5. Then another quick kote-haneage strike from under to his right arm to completely disarm him. The kata officially finish here, but it is easy to keep going and take control of the space and the weapon he just lost.

Bojutsu - Keiko Sabaki kata - 03 - Sashi-ai(F)

6. Then I jump back to Seigan no kamae and assume zanshin (because the next kata starts from here which makes it easier to remember the next kata).

After you and your partner have learned the kata, try to work on a better defense with the sword. Try to be more offensive and gradually make it more difficult to attack with the staff, instead of moving backwards move forwards and be more offensive. The swordsman’s distance is shorter and he need to be on a safe distance or closer where he can get the opponent with the staff quickly. The person with the staff need to be outside the swordsman’s reach or be completely covered. You can practice this technique with more freely distance and timing, but keep the same sequence of attacks (keep to the kata). If you do this I suggest you use safe weapons (padded weapons) and maybe protections, or just be very careful.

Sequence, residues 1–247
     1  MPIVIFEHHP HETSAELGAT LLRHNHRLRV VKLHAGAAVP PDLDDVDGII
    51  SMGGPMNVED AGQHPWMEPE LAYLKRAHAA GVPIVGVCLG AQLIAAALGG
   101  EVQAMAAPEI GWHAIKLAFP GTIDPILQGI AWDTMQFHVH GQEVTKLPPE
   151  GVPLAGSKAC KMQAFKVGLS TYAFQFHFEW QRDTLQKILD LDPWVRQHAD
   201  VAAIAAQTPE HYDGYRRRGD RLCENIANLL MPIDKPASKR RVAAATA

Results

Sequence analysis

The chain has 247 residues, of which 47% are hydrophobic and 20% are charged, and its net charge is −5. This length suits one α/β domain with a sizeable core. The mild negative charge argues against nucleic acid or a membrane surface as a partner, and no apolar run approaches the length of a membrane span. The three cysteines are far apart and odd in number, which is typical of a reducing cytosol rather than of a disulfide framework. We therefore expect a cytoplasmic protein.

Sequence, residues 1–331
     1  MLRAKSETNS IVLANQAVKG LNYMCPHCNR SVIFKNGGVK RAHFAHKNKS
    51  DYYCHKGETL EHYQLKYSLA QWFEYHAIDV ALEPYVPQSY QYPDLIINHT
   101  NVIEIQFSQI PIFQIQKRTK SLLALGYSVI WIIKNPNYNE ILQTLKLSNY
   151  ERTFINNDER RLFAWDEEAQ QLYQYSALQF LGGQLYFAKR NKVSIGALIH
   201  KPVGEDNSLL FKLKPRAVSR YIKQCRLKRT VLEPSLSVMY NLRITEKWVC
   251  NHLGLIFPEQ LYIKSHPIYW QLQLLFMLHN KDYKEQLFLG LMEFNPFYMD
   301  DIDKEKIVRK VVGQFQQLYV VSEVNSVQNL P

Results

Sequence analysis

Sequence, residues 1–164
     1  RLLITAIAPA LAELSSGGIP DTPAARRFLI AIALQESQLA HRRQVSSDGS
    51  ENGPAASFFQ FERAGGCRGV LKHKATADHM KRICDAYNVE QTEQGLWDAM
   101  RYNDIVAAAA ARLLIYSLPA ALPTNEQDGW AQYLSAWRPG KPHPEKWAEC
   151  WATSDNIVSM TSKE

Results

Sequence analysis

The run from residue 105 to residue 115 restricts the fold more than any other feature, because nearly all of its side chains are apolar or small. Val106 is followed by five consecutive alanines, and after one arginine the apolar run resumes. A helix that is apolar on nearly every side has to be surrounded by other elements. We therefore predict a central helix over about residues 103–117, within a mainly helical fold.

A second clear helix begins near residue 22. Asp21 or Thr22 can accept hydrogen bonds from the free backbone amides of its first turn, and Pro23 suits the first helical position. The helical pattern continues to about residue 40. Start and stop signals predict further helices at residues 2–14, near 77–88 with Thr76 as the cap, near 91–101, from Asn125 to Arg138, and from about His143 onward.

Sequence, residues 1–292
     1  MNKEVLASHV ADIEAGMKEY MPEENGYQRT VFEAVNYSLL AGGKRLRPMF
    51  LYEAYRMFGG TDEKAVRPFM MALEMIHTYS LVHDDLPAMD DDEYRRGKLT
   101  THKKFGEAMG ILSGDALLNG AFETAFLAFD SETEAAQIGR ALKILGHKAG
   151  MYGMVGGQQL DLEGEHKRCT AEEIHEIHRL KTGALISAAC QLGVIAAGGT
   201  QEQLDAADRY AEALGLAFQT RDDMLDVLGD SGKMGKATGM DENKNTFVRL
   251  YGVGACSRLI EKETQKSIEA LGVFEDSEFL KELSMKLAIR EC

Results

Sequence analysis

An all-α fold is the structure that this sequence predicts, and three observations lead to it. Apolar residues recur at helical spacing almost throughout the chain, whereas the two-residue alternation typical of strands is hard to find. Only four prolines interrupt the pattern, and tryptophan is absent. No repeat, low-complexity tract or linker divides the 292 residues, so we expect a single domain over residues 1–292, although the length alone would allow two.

There is also kuden; things taught personally from teacher to student, so please find a good teacher and study with him/her.

Happy training!


足運びの構え Deep kamae

One of the shihan who have been training with Soke for 47 years! Said that in the beginning when they trained in the basics they to did very deep kamae. But the feet was just shoulder width apart not so wide apart as most westerners do when they go deep in their kamae.

He said that they did this for some 20 years, then the next phase in training came when the theme changed to much wider stances. And this was around the same time the first westerners came to train in japan in the late 70’s and early 80’s.

足運び ASHIHAKOBI is the name of the technique the Sumo wrestlers use when they walk with the center of gravity as low as possible. With the feet’s too wide apart it would be very difficult to move quickly. And with the center of gravity too high they would be easily pushed out of the ring. Maybe now you get the idea better. 

Please don’t misunderstand me, keeping the feet wide apart makes it more difficult and useful in training, which I strongly believe is good for training drills. I think it is better to make the training drills more difficult and more demanding. But in practical use you should not keep the feet too far from each other because it will slow down your movement too much. It is very important to know what is a practice drill and what you would do in reality! 

Here is two video clips of Sumo matches, one is very bad use of ashihakobi, and one is good. The first one is the bad example, with these not so good “sumo wrestlers“. Compare the center of gravity of the previous ones with these two and you clearly see the difference. It is also a quite funny Sumo wrestling clip.

The first kanji 足 means foot or leg. The second kanji 運 means `carry’, `luck’, `destiny’, `fate’, `lot’, `transport’, `progress’, `advance’.